A 2020 case alleged a Boca Raton pharmacist shipped misbranded compounded drug products out of state. A settlement was reached, involving a fine of more than $1,500, records show.
Complaints hard to gauge
The FDA received 2.3 million reports of “adverse events” associated with drugs and therapeutic biologic products in 2021, up from 2.2 million the year before, a government database shows. The reports do not prove a given drug caused a reported symptom, which can range from a headache to life-threatening conditions, disclaimers note.
Relatively few cases deal with the delivery of drugs, at least as an identified category. Complaints the FDA classified as a “manufacturing product shipping issue” rose to 68 in 2021 from 64 in 2020, after 124 in 2019, records show.
Then again, a consumer might not have an adverse reaction to report if she chooses not to take a medicine that arrives hot to the touch or otherwise in question.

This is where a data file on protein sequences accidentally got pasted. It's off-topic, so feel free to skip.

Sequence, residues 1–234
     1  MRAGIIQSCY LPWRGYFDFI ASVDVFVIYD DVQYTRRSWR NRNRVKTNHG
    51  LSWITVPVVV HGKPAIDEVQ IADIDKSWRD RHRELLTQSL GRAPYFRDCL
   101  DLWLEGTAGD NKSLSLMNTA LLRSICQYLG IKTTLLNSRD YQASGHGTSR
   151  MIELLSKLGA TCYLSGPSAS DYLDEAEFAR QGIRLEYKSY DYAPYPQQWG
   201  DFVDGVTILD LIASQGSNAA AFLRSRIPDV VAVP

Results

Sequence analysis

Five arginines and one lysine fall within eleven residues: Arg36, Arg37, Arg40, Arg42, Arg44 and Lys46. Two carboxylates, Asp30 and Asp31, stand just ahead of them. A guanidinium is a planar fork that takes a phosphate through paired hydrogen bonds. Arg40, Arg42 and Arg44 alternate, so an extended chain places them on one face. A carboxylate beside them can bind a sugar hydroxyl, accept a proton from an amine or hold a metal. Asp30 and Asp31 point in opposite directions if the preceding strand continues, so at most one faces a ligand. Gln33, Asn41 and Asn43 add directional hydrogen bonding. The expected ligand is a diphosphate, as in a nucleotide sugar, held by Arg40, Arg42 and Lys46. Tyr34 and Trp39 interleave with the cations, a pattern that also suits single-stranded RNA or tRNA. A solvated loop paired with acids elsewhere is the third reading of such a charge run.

Even if a consumer took a drug and suspected it may not have been handled properly, proving that it caused adverse health effects can be difficult. The drug itself may have been consumed and unavailable for testing. In addition, many consumers are not sure where to direct a complaint — to the delivery company, the issuing pharmacy, the insurance company? Not all of those routes would necessarily lead to a report registering in an FDA database.
The Package Shippers Association, whose members include UPS, FedEx and others, did not respond to questions for this story.
Neither did AHIP, formerly known as America’s Health Insurance Plans, whose members include Aetna, CVS Health, Cigna and other large health insurers.
But Sivak believes the issue should not be ignored. She remembers the feeling, during some of her phone conversations, that “they tried to browbeat me, saying it’s perfectly fine.”
She wonders how many other people find themselves wondering what to do when an arriving package produces a queasy feeling.
“I could have gotten seriously hurt,” she said. “There’s no oversight and we need oversight.”